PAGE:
On or about July 6, 1998, plaintiff received a memorandum from Tom Hughes, the assistant Comptroller, asking plaintiff to audit Warren Mortuary and forward his assessments and recommendations to Mr. Hughes. Plaintiff's written response did not satisfy Mr. Hughes, who subsequently issued a memorandum to Susan Vespa, the director of human resources, in order to initiate plaintiff's discharge. In her proposed discharge notification letter to plaintiff, Ms. Vespa outlined the course of progressive discipline given to plaintiff in the past, including a December 1996 written warning, several oral and written warnings in April 1997, a 5-day suspension in May 1997, a 10-day suspension in August 1997, and a written warning in March 1998. After plaintiff was ordered to leave his office, Mr. Hughes and Ms. Vespa discovered uncashed checks, improperly filed papers and an unopened subpoena in plaintiff's office.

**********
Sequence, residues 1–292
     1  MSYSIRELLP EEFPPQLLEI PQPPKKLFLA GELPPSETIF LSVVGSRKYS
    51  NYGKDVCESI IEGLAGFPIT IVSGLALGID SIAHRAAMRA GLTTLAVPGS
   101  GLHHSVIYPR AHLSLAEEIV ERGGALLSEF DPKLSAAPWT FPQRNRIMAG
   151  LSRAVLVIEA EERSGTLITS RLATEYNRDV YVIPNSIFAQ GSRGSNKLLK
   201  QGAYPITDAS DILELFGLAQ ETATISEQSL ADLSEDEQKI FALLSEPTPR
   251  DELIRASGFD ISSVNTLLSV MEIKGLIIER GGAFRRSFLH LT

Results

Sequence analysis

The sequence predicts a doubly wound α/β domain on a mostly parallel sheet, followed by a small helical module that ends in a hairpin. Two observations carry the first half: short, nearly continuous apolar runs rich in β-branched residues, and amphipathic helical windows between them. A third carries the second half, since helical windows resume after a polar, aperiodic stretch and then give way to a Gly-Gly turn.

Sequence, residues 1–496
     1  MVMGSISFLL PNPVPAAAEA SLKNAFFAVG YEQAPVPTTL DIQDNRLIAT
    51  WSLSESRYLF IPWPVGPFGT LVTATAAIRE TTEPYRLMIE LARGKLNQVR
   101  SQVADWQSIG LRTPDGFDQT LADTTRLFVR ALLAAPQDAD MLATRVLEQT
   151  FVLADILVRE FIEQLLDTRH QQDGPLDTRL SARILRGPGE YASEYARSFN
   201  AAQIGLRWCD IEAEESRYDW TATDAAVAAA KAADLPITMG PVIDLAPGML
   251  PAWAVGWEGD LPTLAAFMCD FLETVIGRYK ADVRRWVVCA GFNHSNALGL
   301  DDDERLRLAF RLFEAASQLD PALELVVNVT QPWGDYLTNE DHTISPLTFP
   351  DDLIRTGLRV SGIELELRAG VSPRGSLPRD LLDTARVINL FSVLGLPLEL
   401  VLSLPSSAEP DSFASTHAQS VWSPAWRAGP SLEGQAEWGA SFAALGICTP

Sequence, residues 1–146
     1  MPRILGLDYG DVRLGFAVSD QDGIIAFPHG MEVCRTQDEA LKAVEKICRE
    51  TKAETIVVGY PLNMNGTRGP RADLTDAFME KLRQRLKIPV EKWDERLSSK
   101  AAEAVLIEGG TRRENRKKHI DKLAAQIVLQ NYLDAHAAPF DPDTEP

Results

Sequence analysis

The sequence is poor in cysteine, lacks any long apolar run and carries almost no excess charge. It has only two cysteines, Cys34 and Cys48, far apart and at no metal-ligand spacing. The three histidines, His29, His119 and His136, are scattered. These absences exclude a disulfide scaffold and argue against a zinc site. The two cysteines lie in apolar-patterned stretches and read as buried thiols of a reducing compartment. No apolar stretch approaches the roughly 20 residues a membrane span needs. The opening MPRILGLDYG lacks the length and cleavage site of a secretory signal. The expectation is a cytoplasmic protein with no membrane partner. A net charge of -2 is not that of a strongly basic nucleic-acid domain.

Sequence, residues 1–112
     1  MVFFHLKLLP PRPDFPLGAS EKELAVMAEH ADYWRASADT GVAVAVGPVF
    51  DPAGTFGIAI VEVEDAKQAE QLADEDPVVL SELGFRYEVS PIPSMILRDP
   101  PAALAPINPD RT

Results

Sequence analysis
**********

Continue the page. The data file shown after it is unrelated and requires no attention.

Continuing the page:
On July 30, 1998, Ms. Vespa issued a letter of approved charges to plaintiff specifying the reasons for discharge as "[i]nadequate work performance in the audit of the Warren Mortuary" and "a failure to perform basic functions of [plaintiff's] position" as evidenced by the papers found in plaintiff's office. Noting plaintiff's past disciplinary record, Ms. Vespa concluded that "continued application of corrective discipline will not be effective." Plaintiff was discharged effective July 31, 1998. Plaintiff appealed the Comptroller's decision to the Commission and the Commission appointed a hearing officer who held hearings on the matter.

On January 22, 1998, the hearing officer issued his proposal for decision. The hearing officer found that the testimony and evidence did not support the charge that plaintiff performed inadequately in the audit of Warren Mortuary. However, the hearing officer found that there was evidence that plaintiff failed to properly process checks and file documents.